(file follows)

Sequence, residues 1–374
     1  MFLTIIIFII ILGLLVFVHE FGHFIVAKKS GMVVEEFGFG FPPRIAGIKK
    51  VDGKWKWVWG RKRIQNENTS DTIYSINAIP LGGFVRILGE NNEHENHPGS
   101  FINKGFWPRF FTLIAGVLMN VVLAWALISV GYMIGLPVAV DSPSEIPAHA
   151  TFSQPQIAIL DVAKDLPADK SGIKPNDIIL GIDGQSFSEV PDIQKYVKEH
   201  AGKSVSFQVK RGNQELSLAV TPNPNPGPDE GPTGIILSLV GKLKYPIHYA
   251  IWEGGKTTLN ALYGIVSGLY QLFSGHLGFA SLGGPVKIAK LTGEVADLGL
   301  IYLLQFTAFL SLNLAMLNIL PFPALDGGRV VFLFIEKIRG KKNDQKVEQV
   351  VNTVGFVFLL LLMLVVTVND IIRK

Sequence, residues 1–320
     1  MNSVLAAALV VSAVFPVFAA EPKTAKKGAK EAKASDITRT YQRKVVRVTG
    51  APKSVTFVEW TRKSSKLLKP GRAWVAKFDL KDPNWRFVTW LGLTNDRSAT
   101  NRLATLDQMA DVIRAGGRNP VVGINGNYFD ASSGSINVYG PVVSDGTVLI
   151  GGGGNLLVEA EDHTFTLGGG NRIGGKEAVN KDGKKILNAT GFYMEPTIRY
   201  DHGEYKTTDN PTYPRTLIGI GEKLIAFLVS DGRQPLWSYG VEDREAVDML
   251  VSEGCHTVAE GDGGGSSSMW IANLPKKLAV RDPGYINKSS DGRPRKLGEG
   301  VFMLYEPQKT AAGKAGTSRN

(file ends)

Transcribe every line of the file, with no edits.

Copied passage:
Sequence, residues 1–374
     1  MFLTIIIFII ILGLLVFVHE FGHFIVAKKS GMVVEEFGFG FPPRIAGIKK
    51  VDGKWKWVWG RKRIQNENTS DTIYSINAIP LGGFVRILGE NNEHENHPGS
   101  FINKGFWPRF FTLIAGVLMN VVLAWALISV GYMIGLPVAV DSPSEIPAHA
   151  TFSQPQIAIL DVAKDLPADK SGIKPNDIIL GIDGQSFSEV PDIQKYVKEH
   201  AGKSVSFQVK RGNQELSLAV TPNPNPGPDE GPTGIILSLV GKLKYPIHYA
   251  IWEGGKTTLN ALYGIVSGLY QLFSGHLGFA SLGGPVKIAK LTGEVADLGL
   301  IYLLQFTAFL SLNLAMLNIL PFPALDGGRV VFLFIEKIRG KKNDQKVEQV
   351  VNTVGFVFLL LLMLVVTVND IIRK

Sequence, residues 1–320
     1  MNSVLAAALV VSAVFPVFAA EPKTAKKGAK EAKASDITRT YQRKVVRVTG
    51  APKSVTFVEW TRKSSKLLKP GRAWVAKFDL KDPNWRFVTW LGLTNDRSAT
   101  NRLATLDQMA DVIRAGGRNP VVGINGNYFD ASSGSINVYG PVVSDGTVLI
   151  GGGGNLLVEA EDHTFTLGGG NRIGGKEAVN KDGKKILNAT GFYMEPTIRY
   201  DHGEYKTTDN PTYPRTLIGI GEKLIAFLVS DGRQPLWSYG VEDREAVDML
   251  VSEGCHTVAE GDGGGSSSMW IANLPKKLAV RDPGYINKSS DGRPRKLGEG
   301  VFMLYEPQKT AAGKAGTSRN